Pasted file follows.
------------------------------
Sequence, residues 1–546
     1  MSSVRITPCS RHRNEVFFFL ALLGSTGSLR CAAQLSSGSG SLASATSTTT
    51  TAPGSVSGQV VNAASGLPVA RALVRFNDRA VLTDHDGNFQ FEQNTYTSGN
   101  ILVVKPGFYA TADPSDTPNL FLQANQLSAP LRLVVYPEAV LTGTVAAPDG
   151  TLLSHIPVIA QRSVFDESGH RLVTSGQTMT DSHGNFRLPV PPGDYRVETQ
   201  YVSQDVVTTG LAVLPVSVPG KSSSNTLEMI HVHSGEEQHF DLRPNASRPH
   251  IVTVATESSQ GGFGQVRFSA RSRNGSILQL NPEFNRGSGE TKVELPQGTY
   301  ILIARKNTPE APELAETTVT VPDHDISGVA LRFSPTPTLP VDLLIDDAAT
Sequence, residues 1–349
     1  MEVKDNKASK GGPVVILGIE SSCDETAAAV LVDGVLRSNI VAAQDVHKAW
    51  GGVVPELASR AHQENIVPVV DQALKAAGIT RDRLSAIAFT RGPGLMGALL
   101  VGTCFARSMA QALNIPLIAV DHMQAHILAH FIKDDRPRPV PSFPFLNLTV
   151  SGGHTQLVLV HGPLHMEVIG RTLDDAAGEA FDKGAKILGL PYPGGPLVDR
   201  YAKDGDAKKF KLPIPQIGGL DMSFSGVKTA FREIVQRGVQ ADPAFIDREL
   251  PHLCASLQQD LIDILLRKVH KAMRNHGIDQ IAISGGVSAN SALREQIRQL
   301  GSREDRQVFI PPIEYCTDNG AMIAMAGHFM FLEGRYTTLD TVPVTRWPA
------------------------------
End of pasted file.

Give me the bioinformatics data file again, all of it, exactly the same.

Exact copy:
Sequence, residues 1–546
     1  MSSVRITPCS RHRNEVFFFL ALLGSTGSLR CAAQLSSGSG SLASATSTTT
    51  TAPGSVSGQV VNAASGLPVA RALVRFNDRA VLTDHDGNFQ FEQNTYTSGN
   101  ILVVKPGFYA TADPSDTPNL FLQANQLSAP LRLVVYPEAV LTGTVAAPDG
   151  TLLSHIPVIA QRSVFDESGH RLVTSGQTMT DSHGNFRLPV PPGDYRVETQ
   201  YVSQDVVTTG LAVLPVSVPG KSSSNTLEMI HVHSGEEQHF DLRPNASRPH
   251  IVTVATESSQ GGFGQVRFSA RSRNGSILQL NPEFNRGSGE TKVELPQGTY
   301  ILIARKNTPE APELAETTVT VPDHDISGVA LRFSPTPTLP VDLLIDDAAT
Sequence, residues 1–349
     1  MEVKDNKASK GGPVVILGIE SSCDETAAAV LVDGVLRSNI VAAQDVHKAW
    51  GGVVPELASR AHQENIVPVV DQALKAAGIT RDRLSAIAFT RGPGLMGALL
   101  VGTCFARSMA QALNIPLIAV DHMQAHILAH FIKDDRPRPV PSFPFLNLTV
   151  SGGHTQLVLV HGPLHMEVIG RTLDDAAGEA FDKGAKILGL PYPGGPLVDR
   201  YAKDGDAKKF KLPIPQIGGL DMSFSGVKTA FREIVQRGVQ ADPAFIDREL
   251  PHLCASLQQD LIDILLRKVH KAMRNHGIDQ IAISGGVSAN SALREQIRQL
   301  GSREDRQVFI PPIEYCTDNG AMIAMAGHFM FLEGRYTTLD TVPVTRWPA